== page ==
Black Friday, according to one story, started in the 1950s in Philadelphia, but has since exploded into a global phenomenon extending the whole weekend after Thanksgiving. In 2005, announced that Cyber Monday is one of the biggest e-commerce days of the year,
and since 2011, the US Small Business Administration has cosponsored Small Business Saturday to “celebrate and support small businesses” that might get left out of the frenzy.

You can jostle on Friday for deals in crowded big chain stores, or practice socially-distant “conspicuous non-consumption” by staying home and observing “Buy Nothing Day.” Whatever your plans, here are a few ideas to make your giving a little more sustainable as the shopping season shifts into high gear. Rather than being overwhelmed by consumer choices, we can use sustainability as a filter to focus on giving that brings joy and makes everyone better off.

Dollars do make a difference, even though they are not a perfect measure of sustainability. In general, the more expensive an item is, the more environmental impact it is likely to have. Setting a budget for your holiday shopping is a good idea for your finances and the planet. It’s a sustainable strategy to try the old fashioned notion of making a list of everyone you’re shopping for, getting cash out of the bank, and then heading to your local stores to accomplish your task.

While “overconsumption” is unsustainable, so is “underconsumption.” We all have needs to meet; gifts that meet those needs might be the most appreciated. While some economists argue that cash is the best gift, on the theory that people know best what they really need, a moment’s reflection shows that some needs like friendship and companionship can’t be met with cash.

Taking someone to lunch or dinner, especially at a nice restaurant that serves good food and treats its staff well, works on many levels to sustain healthy relationships and healthy communities.

Dollars don’t always destroy the environment; sometimes your spending can have a positive impact. The idea that capitalism and consumerism is destroying the world is an oversimplification. Many lines of evidence are now showing that rich countries have turned the corner in terms of deforestation, pollution, and other measures of environmental destruction; the richer they become and the more powerful and sophisticated the technology they develop, the better able the average person is to protect rather than destroy ecosystems.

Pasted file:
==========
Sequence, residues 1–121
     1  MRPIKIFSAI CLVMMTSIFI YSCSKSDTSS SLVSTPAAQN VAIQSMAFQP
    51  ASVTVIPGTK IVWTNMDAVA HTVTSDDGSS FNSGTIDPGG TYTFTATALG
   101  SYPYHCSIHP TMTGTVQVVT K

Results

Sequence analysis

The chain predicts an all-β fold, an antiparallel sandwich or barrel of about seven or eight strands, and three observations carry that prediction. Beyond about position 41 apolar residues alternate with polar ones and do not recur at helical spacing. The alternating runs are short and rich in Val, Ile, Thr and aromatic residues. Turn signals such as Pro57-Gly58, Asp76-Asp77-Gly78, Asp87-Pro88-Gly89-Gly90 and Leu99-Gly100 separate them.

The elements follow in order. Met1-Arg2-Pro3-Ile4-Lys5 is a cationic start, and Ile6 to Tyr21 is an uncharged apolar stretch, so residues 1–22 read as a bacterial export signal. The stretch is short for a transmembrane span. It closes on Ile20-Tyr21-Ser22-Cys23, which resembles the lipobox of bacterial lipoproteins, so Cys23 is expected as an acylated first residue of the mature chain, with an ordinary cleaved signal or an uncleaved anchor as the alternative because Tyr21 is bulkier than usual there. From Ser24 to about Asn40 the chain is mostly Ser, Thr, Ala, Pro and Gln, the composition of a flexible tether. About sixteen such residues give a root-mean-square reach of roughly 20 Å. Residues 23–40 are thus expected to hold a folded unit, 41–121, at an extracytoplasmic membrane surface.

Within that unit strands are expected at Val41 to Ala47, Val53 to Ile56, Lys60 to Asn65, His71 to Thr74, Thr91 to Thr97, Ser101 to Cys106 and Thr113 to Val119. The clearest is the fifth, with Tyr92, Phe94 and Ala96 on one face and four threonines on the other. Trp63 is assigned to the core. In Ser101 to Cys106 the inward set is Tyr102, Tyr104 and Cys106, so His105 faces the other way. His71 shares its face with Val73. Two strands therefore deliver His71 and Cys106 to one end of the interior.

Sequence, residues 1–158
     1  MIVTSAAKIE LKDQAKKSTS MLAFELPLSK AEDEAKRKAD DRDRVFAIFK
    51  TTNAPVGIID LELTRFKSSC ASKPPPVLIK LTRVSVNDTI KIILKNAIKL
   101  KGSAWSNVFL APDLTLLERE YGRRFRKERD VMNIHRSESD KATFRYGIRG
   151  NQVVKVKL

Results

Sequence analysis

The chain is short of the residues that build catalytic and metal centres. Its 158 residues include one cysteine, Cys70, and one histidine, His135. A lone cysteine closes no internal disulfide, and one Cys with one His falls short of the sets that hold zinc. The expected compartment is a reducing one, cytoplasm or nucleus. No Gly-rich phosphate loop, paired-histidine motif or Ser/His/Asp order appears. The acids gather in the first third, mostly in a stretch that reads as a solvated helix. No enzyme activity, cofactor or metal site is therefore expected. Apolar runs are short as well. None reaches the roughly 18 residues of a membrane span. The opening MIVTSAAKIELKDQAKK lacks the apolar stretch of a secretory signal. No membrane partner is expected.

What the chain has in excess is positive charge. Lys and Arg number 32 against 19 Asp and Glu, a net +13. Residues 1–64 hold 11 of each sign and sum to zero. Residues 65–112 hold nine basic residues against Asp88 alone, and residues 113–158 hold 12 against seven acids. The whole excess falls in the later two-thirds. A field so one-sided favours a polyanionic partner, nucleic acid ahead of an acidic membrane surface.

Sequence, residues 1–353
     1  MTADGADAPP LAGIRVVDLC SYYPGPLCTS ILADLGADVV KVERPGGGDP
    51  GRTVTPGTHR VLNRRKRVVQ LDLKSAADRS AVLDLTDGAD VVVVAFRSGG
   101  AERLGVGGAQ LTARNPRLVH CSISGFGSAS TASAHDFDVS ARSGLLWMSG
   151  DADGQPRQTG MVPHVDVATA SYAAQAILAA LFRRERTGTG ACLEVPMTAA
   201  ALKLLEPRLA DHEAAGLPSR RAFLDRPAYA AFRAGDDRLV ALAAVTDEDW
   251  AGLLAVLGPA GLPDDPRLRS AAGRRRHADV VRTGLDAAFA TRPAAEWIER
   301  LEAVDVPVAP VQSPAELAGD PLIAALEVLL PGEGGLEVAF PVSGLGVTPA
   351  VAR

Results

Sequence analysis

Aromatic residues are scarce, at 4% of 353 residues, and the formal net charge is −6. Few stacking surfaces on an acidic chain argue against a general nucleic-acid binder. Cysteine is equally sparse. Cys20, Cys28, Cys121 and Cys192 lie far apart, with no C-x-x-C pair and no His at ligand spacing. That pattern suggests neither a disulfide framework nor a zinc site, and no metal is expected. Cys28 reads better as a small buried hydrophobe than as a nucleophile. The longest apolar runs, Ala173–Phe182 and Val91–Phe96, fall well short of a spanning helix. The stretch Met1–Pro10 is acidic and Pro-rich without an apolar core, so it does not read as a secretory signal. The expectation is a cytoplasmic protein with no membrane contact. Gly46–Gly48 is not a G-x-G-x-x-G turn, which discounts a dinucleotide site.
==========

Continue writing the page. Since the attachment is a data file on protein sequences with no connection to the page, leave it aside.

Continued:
Gifts like organic seeds, composting bins, solar panels, electric bicycles, and the like can be expensive, but really do help people enjoy their lives and have a more positive environmental impact.

Besides the fact that consumption of sustainable goods like bicycles and solar panels can meet human needs in sustainable ways, there is the fact that we can consume sustainable services, too. One way to celebrate “buy nothing” is to buy services instead of “stuff.” For example, instead of buying a physical book, buy an online subscription. Or if the ubiquity of cell phones and the Internet unsettles you, consider giving low-tech services like a meditation or yoga class.

The idea that we must stop consuming is not quite right; instead we can choose wisely the goods and services that we decide to buy and sell. Finally, if your gift needs wrapping, consider using a reusable gift bag, or reusing paper you already have, rather than buying new wrapping paper. That’s a small gesture for sustainability, but it’s the thought that counts.

Fred Horch is principal advisor of Sustainable Practice. To receive expert action guides to help your household and organizations become superbly sustainable, visit SustainablePractice.Life and subscribe to “One Step This Week.”

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